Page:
Posted on 27 January 2011.
New CPAP Masks in 2011
Every year, there are new pieces of equipment to use with CPAP machines. The most popular type of new gear is the masks that fit on your face. The face masks are getting much more comfortable to wear, and that is very important. Often, patients who have obstructive sleep apnea will put on their mask when they are getting ready to go to sleep, but they will take it off sometime during the night.
Removing Your Face Mask While You Are Sleeping
Although it is not part of the preferred treatment for OSA, when patients remove their facemask while they are sleeping, it is actually something that is very important. The patients do this mainly because the mask is not fitting their face properly, and then that means that CPAP therapy is no longer useful. When the mask is removed, it is critically important that this patient finds a new replacement CPAP mask that works better for them. A face mask that is more comfortable. In order for the airway to remain open all night long, CPAP air pressure must be applied throughout the night.
Face Mask Options for CPAP Users
Often times, people complain that their mask is causing them to feel claustrophobic. This is not a new phenomena because when you look at some of the masks that are offered to CPAP users, they look like something that a war veteran would have in their closet. Sometimes the masks completely cover the patients face to the point where it looks like a full on gas mask. If patients are worried about being smothered by the masks, they should decide to try a partial face mask, or even a mask called “nasal pillows”. There are so many different options of face masks for CPAP machines, that patients should not get discouraged if the first mask they try does not work out properly.
Posted in CPAP
Posted on 03 September 2010.
Here is the complete process from beginning to end for a patient when a doctor refers for a sleep study:
- Referral is sent from your doctor’s office to a sleep lab
- The sleep lab then obtains the authorization from the insurance company to bill your insurance for the study
- The sleep lab will call you to schedule a time to come in for a consulatation
- After the initial consultation with the sleep doctor, they will schedule you to come back for the full overnight sleep study
- You go back for the actual study and sleep in a bed in a room, with an overnight lab technician watching you
- They connect you to 12 or more nodes on different points on your body to monitor many different “channels”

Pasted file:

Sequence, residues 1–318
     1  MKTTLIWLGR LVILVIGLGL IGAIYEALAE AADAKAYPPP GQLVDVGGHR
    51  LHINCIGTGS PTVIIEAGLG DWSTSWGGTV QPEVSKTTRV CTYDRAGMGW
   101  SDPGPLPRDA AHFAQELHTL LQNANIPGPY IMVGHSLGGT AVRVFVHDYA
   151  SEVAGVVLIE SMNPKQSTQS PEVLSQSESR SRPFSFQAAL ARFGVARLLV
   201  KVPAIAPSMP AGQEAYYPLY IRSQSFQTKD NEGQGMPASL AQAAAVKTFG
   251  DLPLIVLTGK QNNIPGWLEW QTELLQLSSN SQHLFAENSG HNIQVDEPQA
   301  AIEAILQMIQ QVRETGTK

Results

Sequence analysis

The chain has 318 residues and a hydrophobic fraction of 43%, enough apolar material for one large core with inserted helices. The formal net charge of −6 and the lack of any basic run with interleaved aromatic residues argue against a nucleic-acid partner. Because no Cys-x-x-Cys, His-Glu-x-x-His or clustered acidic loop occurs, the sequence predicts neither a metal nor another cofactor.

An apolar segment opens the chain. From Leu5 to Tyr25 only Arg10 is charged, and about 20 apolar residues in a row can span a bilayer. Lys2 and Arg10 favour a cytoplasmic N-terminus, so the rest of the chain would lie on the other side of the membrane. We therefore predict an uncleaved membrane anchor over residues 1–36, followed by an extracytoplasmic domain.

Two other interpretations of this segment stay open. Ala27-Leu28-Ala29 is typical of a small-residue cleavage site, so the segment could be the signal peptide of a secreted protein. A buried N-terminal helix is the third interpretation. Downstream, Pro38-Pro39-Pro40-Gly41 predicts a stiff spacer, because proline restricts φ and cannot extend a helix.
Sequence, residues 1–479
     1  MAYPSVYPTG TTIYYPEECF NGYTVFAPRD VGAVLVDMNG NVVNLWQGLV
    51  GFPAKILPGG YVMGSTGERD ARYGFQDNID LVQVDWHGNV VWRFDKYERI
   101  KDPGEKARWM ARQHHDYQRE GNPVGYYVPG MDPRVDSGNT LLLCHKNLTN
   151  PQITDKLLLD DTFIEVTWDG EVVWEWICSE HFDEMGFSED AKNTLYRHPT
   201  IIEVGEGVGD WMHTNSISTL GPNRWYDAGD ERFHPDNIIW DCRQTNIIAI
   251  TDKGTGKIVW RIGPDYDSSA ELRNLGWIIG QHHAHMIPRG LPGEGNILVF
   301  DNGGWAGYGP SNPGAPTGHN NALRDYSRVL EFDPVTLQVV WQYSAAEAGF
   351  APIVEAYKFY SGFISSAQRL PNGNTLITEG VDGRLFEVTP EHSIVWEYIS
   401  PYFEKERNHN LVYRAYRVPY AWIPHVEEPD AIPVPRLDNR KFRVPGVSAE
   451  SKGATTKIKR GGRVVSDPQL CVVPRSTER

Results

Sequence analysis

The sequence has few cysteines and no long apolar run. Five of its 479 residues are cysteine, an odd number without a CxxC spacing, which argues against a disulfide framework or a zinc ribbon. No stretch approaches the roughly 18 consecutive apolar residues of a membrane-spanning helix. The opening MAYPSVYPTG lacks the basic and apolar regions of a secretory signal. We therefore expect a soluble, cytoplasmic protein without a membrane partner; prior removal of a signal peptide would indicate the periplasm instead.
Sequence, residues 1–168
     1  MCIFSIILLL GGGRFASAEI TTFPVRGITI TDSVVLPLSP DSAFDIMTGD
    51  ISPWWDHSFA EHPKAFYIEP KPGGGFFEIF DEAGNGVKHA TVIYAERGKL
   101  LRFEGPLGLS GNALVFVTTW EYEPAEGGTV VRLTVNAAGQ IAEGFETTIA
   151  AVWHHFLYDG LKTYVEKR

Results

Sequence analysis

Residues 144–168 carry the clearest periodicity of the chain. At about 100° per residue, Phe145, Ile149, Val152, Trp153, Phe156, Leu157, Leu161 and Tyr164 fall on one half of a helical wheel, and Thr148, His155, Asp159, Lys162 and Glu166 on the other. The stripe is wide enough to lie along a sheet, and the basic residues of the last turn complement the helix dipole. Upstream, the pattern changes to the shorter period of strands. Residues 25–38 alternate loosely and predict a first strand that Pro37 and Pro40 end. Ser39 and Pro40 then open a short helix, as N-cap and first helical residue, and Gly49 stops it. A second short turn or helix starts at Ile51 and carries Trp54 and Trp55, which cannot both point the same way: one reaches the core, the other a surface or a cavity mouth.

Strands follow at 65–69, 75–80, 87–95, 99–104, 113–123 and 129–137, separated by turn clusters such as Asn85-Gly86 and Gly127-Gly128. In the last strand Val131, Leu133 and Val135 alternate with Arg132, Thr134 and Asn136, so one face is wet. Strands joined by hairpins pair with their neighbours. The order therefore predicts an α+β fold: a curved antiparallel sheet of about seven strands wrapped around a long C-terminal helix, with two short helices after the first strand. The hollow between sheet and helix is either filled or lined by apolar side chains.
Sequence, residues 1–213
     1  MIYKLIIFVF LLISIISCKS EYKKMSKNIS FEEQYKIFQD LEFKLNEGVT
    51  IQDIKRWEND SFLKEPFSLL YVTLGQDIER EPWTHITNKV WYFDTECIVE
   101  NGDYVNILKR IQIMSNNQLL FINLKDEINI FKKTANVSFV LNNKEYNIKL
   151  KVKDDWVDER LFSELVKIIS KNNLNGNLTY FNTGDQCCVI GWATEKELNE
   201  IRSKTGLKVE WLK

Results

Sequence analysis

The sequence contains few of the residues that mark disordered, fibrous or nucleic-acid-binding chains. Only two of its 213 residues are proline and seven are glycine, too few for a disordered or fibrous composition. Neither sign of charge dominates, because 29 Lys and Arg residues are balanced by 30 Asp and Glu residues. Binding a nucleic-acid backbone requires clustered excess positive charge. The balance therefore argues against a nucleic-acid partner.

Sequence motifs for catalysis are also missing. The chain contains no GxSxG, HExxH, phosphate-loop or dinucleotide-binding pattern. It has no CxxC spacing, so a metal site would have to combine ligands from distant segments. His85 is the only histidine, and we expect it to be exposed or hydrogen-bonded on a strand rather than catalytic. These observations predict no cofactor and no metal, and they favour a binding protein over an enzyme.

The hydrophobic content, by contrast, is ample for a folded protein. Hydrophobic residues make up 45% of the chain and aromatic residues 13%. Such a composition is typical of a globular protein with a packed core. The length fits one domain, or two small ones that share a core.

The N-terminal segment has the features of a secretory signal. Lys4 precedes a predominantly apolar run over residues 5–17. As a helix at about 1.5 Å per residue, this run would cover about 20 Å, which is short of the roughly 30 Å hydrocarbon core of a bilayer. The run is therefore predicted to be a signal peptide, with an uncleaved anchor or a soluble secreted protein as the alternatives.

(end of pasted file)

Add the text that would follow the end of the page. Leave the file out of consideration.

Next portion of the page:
- If you show signs of having a sleeping disorder called sleep apnea, they will wake you up halfway through the night
- At this point, they will give you CPAP equipment to test if that helps your sleep apneas
- In the morning, you are able to go home
- Next, the sleep doctor comes into work, and reads the report that was recorded from your sleep and interprets the data
- The sleep study results are then sent back to your primary care physician
I know this sounds like an awfully long and drawn out experience, AND IT IS. But it relatively inexpensive, only about $3,000-4,000 usually, sometimes as high as $7,000 or maybe more at places like big University Hospital Sleep Labs or large medical foundations polysomnography tests, but that is only because they want to bill your insurance as much as possible to increase their revenues. Especially watch out if you have a PPO plan, in that case the sleep labs are likely to bill you for as many office visits as they can, and they may want you to actually spend two nights at the lab. One night for the initial test, and the second one for using the CPAP therapy equipment. I know this all sounds much like some type of medical insurance scam, and unfortunately it has somewhat turned into that for the sleep medicine world, and the sleep doctors in particular who own sleep labs themselves. But after reading this, please know that you are at least warned of what is going on out there. Best of luck and sweet dreams.
Posted in Sleep Apnea
Posted on 16 May 2010.
Continuous Positive Airway Pressure(CPAP) is one of the most popular forms of treatment for patients who suffer from OSA. It is also one of the oldest forms of therapy as well, as it has been out on the market for several decades now. CPAP is pretty simple, it is a glorified air blower that all night long(continously) blows air into your throat and down into your lungs. This allows people to sleep better for many different reasons.
How does CPAP Work:
- A CPAP machine is placed next to the bed of the person who has obstructive sleep apnea.
- All night long, the machine will blow out air into a tube at a continous air pressure. Something like the air pressure you feel when you put your head out the window at 15 miles per hour
- The individual using the CPAP machine will also connect the hose that is blowing air to a mask
- This mask with take the air pressure, and force it into the patients nose or possibly the nose and mouth(depending on what type of mask is being used)
Common Questions about CPAP machines:
1. Can you take it off during the night if you need to use the bathroom? Most definitely, there are easy ways to take the mask off in just seconds
2. Do CPAP machines make alot of noise? Yes and NO, it really depends on how old the machine is and what pressure it is on.
3. Do you have to wear CPAP your whole life? That depends on if your body changes to the point where you can sleep without any respritory problems throughout the night without it. Most CPAP users use the CPAP their whole life.
4. What happens if you forget to use your CPAP machine one night? You will just go back to the symptoms you had prior to using CPAP. Most people for some reason forget to use CPAP when they are strating out by accident.
5. Do you snore when you use CPAP? No, CPAP has the remarkable ability to eliminate snoring right away, it’s truly amazing.
Posted in CPAP